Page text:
Top summer photography spots

Summer is a great time to get out and about to explore the landscapes on your doorstep. We talked to one of our volunteer photographers, Sam Milling, about his favourite places to photograph in Kent and East Sussex. Sam got his first camera when he was eight and rarely leaves the house without his latest bit of kit. He finds that taking photos adds another dimension to a walk. Having grown up in East Sussex, Sam knows some of the best places to photograph in the area and has shared some of his top tips with us.

The tall stone walls of Bodiam Castle surrounded by water with a blue sky and clouds behind

Bodiam Castle 

This is such an iconic place to photograph. I’m in awe when I visit and you almost can’t take a bad photograph. Whether you shoot it from some distance away or closer to, the castle has to be the main focus of the image. It sits so grandly in the setting and you almost get a sense of the weight of it. My favourite shot has to be at a slight angle with some greenery in the foreground.

A close up photograph of a purple flower with white centre

Sissinghurst Castle Garden 

It’s the flowers that make it for me at Sissinghurst. In summer you’re spoilt for choice but also in cooler months when the skies are grey it is still a stunning place to visit. I don’t even mind if the sky is grey as I tend to get out my macro lens and focus on close up shots. Try photographing the flowers with the light shining towards you, through the petals or leaves, for the best effect.

A view from the top of a hill looking over a field near the River Dudwell on Bateman's estate East Sussex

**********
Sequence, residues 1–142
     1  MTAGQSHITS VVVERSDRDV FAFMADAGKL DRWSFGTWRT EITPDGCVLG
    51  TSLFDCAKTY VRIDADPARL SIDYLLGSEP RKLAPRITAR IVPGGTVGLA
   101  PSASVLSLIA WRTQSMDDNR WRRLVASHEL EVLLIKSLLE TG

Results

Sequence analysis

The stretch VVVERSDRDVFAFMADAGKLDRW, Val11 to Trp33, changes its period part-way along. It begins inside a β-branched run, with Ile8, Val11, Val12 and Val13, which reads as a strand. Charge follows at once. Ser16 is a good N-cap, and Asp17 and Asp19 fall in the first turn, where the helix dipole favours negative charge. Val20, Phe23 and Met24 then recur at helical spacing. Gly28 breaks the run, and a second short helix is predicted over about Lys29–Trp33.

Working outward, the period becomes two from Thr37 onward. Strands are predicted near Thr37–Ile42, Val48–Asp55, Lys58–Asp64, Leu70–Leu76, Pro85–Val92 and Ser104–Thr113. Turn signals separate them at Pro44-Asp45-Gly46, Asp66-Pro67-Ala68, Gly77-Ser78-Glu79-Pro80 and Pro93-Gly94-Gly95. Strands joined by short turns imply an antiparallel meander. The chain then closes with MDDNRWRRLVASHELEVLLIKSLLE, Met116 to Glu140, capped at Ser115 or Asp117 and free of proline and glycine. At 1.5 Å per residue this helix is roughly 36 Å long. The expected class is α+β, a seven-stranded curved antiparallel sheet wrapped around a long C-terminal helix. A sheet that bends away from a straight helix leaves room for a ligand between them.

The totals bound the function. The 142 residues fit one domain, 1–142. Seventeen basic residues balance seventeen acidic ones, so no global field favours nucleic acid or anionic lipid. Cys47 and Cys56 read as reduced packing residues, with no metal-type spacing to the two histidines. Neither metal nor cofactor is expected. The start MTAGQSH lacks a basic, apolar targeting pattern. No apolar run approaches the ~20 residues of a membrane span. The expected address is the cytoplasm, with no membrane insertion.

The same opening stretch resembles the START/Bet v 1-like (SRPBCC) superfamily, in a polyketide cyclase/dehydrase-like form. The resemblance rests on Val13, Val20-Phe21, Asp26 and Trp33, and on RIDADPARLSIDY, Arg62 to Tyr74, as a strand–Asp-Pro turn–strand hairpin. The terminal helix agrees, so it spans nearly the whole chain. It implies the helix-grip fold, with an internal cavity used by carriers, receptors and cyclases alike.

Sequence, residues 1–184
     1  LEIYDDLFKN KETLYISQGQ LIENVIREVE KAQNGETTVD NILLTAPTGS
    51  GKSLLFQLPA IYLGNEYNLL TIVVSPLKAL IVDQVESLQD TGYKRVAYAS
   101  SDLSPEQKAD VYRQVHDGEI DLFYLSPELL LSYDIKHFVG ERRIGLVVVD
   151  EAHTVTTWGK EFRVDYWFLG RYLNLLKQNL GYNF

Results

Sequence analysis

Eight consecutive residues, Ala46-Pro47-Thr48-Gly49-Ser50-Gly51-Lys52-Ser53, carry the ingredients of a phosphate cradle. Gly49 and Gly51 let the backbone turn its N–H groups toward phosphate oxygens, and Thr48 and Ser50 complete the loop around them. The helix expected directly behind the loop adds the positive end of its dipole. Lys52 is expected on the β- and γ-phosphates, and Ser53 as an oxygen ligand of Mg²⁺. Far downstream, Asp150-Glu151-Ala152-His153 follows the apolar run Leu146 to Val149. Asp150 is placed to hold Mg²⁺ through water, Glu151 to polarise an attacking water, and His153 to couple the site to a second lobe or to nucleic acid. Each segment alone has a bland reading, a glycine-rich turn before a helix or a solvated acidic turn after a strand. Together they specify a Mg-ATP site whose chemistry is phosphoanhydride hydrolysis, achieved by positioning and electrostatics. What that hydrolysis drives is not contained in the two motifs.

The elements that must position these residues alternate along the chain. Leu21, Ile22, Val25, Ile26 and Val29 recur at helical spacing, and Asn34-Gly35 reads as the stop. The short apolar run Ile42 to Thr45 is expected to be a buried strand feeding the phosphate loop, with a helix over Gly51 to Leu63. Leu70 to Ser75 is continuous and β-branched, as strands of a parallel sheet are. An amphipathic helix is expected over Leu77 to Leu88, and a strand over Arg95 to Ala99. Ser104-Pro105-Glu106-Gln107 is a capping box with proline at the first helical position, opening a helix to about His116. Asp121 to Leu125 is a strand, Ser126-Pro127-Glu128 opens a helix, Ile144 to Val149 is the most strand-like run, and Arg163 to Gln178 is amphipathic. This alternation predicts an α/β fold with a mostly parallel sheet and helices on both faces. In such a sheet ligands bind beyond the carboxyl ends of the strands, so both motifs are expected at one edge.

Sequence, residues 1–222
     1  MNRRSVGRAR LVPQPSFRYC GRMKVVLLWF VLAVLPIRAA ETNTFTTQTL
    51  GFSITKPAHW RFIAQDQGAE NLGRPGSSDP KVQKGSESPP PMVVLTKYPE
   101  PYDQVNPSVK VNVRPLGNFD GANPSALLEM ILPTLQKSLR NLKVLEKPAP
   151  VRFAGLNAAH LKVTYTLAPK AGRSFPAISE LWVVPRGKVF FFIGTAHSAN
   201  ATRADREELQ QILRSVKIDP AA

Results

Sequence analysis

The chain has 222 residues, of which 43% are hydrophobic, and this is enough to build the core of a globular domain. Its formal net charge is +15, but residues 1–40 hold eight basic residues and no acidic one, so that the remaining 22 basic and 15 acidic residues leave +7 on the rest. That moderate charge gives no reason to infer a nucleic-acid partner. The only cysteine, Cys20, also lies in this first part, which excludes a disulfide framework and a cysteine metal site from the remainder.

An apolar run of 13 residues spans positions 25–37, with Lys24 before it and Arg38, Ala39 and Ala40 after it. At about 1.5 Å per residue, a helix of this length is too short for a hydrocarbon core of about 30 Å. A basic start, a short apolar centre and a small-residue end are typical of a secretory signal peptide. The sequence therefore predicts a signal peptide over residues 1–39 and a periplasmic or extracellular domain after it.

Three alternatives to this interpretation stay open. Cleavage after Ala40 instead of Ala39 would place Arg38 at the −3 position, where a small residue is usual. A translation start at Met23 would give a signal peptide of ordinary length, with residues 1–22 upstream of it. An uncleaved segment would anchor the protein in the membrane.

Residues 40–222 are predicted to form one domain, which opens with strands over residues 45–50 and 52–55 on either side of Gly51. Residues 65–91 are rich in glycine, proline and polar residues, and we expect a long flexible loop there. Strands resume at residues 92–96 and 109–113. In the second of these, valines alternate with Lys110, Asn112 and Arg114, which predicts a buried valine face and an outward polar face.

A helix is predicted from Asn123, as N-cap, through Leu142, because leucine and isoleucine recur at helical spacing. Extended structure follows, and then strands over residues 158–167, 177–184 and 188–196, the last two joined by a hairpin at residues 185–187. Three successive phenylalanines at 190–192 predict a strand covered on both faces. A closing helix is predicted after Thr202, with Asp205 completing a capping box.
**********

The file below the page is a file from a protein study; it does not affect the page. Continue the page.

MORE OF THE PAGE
Bateman's 

I grew up locally in Burwash and loved walking through fields with my brother as a child. I get a real sense of nostalgia when I’m photographing at Bateman’s as the landscape hasn’t changed over the decades. My top place to photograph is the countryside between Burwash and Bateman’s. The Dudwell Farm Walk is a good way to see this. There are some lovely views of the Dudwell Valley as you walk down the hill towards Bateman’s.

Looking through some flowers over a moat full of water to a ruined stone castle in the distance

Scotney Castle 

I love exploring the variety that Scotney Castle has to offer. From the wider estate with its mixture of woodland and farmland, to the cottage style garden around the Old Castle, there’s so much to take in. Even though it’s not far from a busy road you still feel away from it all. My favourite view is looking across the water to the ruined castle. I suggest taking a low shot with plants in the foreground and the castle in the distance.

A woman wandering through high flower borders on a brick path with a white clapboard house behind

Monks House 

This little cottage garden is quite a contrast to the open spaces I’m normally drawn to. The combination of the mass of English flowers set against the backdrop of the house is what really makes it for me. You get a real sense of perspective by using the pathways trailing off into the distance in the frame of the photo. Try playing around with which side of the image you want to lead the eye for the best effect.

Acid green, pale yellow and bright blue flowers in the rock garden at Emmetts Garden

Emmetts Garden 

I’m always struck by the diversity of the garden at Emmetts. There are so many surprises to discover as you wander through. One minute you’re in the sunken rock garden and the next in a very informal woodland garden. It means you get to test out lots of different depths of photography but I think I liked the vibrant colour clashes in the rock garden the best. If you crouch down low and shoot across the flowers you get a very interesting effect.

A woodland scene with fresh green leaves and low sunlight streaming in between the tree trunks

Ightham Mote 

I really enjoy the estate walks because they tend to be quieter. I find this sort of landscape more natural with less human intervention. The woods are coppiced, which lets more light through. You can get a really atmospheric shot with strong sunlight coming through the branches. My suggestion for a timeless image is to arrive early as the sun is lower in the sky like this image by one of my favourite National Trust photographers John Millar.